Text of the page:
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Chapter 01

How Do You Know it isn’t Raining?

No swans were punched in this chapter. It didn’t rain in Glasgow. But I did manage to get home with my trousers, successfully deployed the Bengali War Warble while cupping my delicates and didn’t go to India.

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Preamble

This book is based on a series of Facebook posts spanning just over four years. There are a few points that are worth making about them before you plunge into the often slightly bizarre world of my life.

There are two things I have been asked about a lot over the course of this part of my life that is in the mind of many readers.

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Acknowledgements

There are a huge number of people that contributed to this project without whom this book would not have seen the light of day.

The obvious are my parents. My mother’s unwavering love and belief in me however much I screwed up. My father’s comedy is at the forefront of much of the content of the book but he contributed far more behind the scenes and earlier in my life that is worth mentioning.

My mother was the flighty, creative force of nature that loved life and that I related to. And in many ways tried to emulate. But my father was the foundation that allowed me to be as haphazard and flighty in the way that I am. Without him working tirelessly in the background, quietly supporting, even when he didn’t understand or agree (pretty much all the time) with what I was doing I would not have achieved any of the things that I have. Including this book.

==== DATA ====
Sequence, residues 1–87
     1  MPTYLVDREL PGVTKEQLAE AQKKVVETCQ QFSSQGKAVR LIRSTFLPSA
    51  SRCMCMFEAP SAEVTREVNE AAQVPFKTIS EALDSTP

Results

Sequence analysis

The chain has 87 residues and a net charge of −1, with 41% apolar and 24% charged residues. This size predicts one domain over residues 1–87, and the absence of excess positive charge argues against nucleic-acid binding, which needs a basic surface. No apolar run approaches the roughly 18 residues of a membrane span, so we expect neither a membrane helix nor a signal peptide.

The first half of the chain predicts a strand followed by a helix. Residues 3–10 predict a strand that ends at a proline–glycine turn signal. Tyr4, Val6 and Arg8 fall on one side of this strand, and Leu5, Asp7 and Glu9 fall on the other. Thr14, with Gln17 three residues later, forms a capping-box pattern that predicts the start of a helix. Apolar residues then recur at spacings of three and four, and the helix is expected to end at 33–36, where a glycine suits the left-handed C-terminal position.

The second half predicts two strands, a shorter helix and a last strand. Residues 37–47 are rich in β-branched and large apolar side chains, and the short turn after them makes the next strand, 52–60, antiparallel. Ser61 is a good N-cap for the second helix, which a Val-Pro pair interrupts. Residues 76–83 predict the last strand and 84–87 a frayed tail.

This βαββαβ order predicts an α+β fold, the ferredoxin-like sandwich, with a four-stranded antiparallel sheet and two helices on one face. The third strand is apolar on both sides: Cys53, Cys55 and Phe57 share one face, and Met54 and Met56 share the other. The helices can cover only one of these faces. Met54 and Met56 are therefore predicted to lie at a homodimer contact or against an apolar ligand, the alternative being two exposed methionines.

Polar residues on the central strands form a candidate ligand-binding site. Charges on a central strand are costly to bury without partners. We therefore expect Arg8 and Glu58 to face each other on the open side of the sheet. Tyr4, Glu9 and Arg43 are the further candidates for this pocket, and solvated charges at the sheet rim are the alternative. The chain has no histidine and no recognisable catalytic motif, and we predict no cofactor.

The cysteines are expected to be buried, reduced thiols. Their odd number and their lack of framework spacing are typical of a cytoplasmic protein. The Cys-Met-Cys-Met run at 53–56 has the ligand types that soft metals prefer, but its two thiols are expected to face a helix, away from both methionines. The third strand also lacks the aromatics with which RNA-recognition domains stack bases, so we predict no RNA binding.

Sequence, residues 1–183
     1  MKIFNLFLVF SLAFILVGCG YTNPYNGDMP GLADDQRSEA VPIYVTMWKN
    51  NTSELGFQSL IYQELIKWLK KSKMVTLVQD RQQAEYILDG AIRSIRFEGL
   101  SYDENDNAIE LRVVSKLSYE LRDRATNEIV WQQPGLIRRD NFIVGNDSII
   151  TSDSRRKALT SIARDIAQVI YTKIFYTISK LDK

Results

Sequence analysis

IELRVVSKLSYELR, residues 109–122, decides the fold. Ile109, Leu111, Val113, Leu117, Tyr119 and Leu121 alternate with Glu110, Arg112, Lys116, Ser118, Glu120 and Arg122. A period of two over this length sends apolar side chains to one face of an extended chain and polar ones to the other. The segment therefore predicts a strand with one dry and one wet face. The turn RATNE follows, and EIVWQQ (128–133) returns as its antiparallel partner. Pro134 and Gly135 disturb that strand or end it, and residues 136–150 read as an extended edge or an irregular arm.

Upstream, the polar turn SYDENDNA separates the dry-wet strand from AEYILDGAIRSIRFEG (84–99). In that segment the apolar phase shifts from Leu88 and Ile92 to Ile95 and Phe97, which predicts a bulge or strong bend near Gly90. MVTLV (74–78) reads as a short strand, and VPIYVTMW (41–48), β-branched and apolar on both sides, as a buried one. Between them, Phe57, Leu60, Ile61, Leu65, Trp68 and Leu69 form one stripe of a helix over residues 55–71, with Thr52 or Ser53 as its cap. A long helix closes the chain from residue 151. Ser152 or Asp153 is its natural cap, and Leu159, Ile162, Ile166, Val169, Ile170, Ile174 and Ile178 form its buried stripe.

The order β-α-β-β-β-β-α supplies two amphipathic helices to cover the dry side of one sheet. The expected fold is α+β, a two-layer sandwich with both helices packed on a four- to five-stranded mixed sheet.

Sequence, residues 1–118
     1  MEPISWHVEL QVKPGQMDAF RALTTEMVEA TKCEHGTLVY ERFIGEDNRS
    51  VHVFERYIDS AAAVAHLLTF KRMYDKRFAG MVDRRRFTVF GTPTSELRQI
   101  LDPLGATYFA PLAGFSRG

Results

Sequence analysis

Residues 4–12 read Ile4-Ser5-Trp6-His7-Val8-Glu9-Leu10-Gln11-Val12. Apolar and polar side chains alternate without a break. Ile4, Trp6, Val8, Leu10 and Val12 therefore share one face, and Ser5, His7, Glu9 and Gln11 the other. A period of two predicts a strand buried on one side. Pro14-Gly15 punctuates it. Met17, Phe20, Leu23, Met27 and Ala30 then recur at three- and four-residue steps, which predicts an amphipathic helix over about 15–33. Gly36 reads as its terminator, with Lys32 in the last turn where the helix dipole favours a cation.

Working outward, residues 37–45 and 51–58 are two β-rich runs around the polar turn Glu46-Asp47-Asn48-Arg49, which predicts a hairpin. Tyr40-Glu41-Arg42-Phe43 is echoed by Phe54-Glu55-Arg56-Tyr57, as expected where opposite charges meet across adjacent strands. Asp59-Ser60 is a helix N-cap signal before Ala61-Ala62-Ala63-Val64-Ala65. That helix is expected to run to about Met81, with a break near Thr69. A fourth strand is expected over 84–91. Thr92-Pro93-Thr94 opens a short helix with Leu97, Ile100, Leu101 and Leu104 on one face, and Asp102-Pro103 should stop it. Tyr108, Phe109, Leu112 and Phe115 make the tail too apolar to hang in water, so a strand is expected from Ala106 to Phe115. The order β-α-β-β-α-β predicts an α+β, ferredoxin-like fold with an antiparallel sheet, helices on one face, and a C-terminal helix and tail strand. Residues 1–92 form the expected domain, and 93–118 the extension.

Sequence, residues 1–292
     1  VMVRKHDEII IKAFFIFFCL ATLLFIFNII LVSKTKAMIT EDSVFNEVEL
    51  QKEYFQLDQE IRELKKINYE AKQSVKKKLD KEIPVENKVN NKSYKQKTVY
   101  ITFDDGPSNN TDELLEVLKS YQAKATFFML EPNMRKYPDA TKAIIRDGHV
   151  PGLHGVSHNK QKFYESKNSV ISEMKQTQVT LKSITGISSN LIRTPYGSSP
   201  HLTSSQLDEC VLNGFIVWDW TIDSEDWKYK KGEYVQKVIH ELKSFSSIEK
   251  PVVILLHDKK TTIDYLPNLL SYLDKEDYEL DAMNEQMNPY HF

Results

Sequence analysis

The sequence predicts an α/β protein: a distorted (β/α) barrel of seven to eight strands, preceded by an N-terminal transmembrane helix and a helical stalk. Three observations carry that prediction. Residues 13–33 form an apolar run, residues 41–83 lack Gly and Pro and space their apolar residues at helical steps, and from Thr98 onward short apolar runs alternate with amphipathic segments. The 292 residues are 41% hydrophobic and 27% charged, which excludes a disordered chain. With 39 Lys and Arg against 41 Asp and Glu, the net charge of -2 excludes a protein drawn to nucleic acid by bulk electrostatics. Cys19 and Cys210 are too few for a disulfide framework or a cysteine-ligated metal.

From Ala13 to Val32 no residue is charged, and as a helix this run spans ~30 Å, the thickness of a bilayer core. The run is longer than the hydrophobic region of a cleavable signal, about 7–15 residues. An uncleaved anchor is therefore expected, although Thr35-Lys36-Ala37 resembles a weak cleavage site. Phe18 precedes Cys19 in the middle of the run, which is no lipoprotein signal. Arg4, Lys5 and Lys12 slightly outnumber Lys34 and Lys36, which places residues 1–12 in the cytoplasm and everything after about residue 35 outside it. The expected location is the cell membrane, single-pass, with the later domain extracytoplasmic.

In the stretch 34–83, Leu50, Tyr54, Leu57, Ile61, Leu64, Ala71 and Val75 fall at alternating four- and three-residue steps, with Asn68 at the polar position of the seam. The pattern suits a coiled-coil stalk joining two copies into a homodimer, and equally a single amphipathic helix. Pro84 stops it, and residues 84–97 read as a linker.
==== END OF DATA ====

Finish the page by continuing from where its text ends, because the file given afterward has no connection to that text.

Mum, Dad, thank you for the kickstart in life and this book is a good tribute for what you did for me.

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Dedication

Unsurprisingly this is dedicated to my mother and father. They were both hugely influential in my life. They did the best they could for me in ways that I didn’t realise until many years later.

I was hugely blessed with the fortunate circumstance that I could spend a lot of time with them towards the end of their lives. That wasn’t the happiest time of my life. But it was a time I am truly grateful for.

I bonded more with my father in those last few years than at any time I can remember. Without him, the grief of losing my mother (I am such a mummy’s boy) would have been so much harder to bear.

I will miss them both dearly. I think they have set me up for a new stage in life. This book is a last look back at a time when I could give back to my parents a little bit of the love they showed me throughout my life.

See ya Mum, Dad,

No, I’m still going through a phase. I am not going to get a proper job and I still love you loads.

Every Sunday I will miss the pair of you competitive cooking and me having to find a way of complimenting both of you without making it seem as if I was favouring either of you (although Mum was always the better cook by a long margin, sorry Dad, but you really knew that didn’t you).

Love you loads

Miss you loads

Your Number One Son

Rintu